Wednesday, February 20, 2008

Slick Willie in Love

Bill Clinton is a recurring presence not only as chief attack dog in his wife’s campaign, but also in writer-director Adam Brooks’ romantic comedy Definitely, Maybe. The movie is about a political consultant who starts his career working on Clinton’s campaign, and it has some things in common with the former president. It’s a little like the 1988 Clinton who, as Arkansas governor, delivered a notoriously long-winded speech at the Democratic convention that put delegates to sleep. Like that Clinton, Definitely, Maybe has an easy charm, but it tends to prattle on too long and overstay its welcome.

The movie’s hero, Will Hayes (Ryan Reynolds, the smirky protagonist from Van Wilder) is an ad executive who, on the eve of finalizing his divorce, tells his inquisitive 11-year-old daughter Maya (Abigail Breslin, less cute than she was in Little Miss Sunshine) the story of three romantic relationships in his past. He changes the names of the women, and Maya offers to guess, as a game, which one became her mother.

Will’s reminiscence takes us back to 1992, when, as a Wisconsin college student, he decides to go to New York to work for Clinton, leaving behind his college sweetheart, Emily (Elizabeth Banks). Though he imagines himself writing great speeches for the candidate, Will instead finds himself fetching coffee and shelving toilet paper.

Nevertheless, the city provides the callow Wisconsinite with an extraordinary number of romantic opportunities. He and campaign-office intern April (Isla Fisher) “meet cute” by the copy machine, but because he is loyal to Emily, they become just friends. He then gets involved with Emily’s former roommate, Summer (Rachel Weisz), a flinty student journalist who shares the bed of her grizzled mentor-professor, Hampton Roth (Kevin Kline, putting the “ham” in “Hampton”).

The appearance of Roth, a Hunter Thompson-style author clad in a bathrobe and urging Will to get drunk in the daylight, suggests that Will is about to receive an interesting political education. But it doesn’t happen. Politics in this movie — busy campaign offices, televised Clinton speeches, a political consulting business Will co-founds with a colleague (Derek Luke) — are merely a backdrop for Will’s rather ordinary romantic adventures. It isn’t even clear what fuels Will’s political interest, aside from a dream he had one night of being elected president. Given his nebulous principles, his later career writing ads for kids’ breakfast cereal doesn’t seem all that great a compromise.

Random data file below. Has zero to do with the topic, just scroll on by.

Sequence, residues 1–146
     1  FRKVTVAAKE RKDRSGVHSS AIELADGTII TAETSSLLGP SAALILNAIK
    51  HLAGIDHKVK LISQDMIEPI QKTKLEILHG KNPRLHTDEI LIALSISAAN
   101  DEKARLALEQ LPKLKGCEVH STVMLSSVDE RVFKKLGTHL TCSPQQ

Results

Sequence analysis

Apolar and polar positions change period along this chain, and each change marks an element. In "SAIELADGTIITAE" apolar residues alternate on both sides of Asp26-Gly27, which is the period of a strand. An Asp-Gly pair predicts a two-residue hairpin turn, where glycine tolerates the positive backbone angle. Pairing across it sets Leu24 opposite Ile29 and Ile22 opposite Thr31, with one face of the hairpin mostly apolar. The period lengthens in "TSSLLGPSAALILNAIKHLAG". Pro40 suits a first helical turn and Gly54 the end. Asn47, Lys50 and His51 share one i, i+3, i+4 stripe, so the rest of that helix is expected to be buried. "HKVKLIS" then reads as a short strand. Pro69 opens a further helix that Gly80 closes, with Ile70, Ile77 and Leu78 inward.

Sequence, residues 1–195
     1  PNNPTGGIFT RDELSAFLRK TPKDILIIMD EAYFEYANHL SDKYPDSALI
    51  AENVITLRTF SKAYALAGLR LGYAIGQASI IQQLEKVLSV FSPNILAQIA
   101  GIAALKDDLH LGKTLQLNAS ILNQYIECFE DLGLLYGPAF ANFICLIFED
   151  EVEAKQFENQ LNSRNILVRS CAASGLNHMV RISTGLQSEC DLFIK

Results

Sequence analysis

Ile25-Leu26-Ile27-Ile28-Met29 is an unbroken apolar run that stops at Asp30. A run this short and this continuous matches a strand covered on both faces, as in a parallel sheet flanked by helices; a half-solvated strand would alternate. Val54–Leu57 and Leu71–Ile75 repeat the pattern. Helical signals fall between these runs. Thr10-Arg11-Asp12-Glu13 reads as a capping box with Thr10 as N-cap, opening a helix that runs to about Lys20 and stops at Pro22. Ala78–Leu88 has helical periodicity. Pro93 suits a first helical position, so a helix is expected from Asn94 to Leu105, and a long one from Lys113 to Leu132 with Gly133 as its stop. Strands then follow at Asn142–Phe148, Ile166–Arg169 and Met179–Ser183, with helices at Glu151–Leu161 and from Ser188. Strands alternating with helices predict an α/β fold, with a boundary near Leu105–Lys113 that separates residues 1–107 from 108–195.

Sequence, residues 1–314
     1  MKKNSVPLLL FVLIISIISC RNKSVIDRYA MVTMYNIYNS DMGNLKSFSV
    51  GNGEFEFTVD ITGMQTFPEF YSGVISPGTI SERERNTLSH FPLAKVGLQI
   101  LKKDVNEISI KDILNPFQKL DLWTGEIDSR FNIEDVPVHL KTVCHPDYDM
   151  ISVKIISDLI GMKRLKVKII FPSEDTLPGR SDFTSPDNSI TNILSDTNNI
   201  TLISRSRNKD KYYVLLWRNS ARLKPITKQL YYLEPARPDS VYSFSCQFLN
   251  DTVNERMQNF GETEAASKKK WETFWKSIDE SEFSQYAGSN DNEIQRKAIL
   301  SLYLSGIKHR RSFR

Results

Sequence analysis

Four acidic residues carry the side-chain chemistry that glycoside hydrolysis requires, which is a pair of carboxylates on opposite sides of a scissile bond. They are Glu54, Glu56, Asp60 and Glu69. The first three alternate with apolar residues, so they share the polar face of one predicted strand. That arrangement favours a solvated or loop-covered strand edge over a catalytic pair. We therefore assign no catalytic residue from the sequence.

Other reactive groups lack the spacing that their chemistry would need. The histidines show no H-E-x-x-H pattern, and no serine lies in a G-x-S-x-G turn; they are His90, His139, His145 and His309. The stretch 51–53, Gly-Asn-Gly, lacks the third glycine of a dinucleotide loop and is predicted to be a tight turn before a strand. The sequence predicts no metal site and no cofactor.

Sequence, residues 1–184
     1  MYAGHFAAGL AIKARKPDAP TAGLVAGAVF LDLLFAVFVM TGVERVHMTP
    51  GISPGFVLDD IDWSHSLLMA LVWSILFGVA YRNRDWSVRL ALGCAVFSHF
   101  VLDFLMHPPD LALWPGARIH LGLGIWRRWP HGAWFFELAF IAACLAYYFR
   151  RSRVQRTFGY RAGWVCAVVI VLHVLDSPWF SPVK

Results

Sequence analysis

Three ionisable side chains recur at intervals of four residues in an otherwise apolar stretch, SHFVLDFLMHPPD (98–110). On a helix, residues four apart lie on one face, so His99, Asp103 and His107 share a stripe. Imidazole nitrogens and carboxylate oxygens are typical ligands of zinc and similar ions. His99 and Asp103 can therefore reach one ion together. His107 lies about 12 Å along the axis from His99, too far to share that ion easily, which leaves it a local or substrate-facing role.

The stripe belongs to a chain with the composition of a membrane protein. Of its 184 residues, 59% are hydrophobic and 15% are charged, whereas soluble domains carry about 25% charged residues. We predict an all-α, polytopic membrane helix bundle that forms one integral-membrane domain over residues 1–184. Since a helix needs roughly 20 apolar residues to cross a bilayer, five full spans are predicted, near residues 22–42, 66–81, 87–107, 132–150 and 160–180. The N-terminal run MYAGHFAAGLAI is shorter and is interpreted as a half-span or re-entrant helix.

Brooks also doesn’t take advantage of the opportunity to draw connections between Will the politico and Will the lover, which would make the story more cohesive. In both realms, Will is something of an opportunist, shilling for candidates whose backgrounds he doesn’t know and buying engagement rings for every woman he dates. When at last he ends up with his “true love,” it seems like an afterthought. Was the relationship meant to be, or was she just the last on the list?

This is a very cluttered movie, with too many characters and improbable situations. Why, for example, are the 11-year-olds in Maya’s class being given a very explicit sex-education lesson? And yet it is stylish, with appealing performances and clever dialogue. There’s a particularly endearing scene in which Will and April, having escaped to a rooftop during a dull party, discuss about his plan to ask Emily to marry him. He rehearses his proposal, and April, having forced him to get down on one knee, zangs him with a pungent speech denouncing the institution of marriage. April is also given the adorable trait of collecting used editions of Jane Eyre in a quixotic search for the inscribed copy that was her dead father’s last gift.

These lovely bits suggest that the movie (like our Bill) is capable of great things, but wastes time detailing things that are ultimately irrelevant (like the Clinton healthcare plan, or Monica Lewinsky) and elides things of importance, like Will’s marriage and the reasons for his divorce.But considering that its producer, Working Title, is best known for those hokey Richard Curtis “British-for-Dummies” romances (Four Weddings and a Funeral, Notting Hill, Love Actually), this movie, unlike most politicians, actually exceeds expectations.

Originally published in the Cleveland Free Times.

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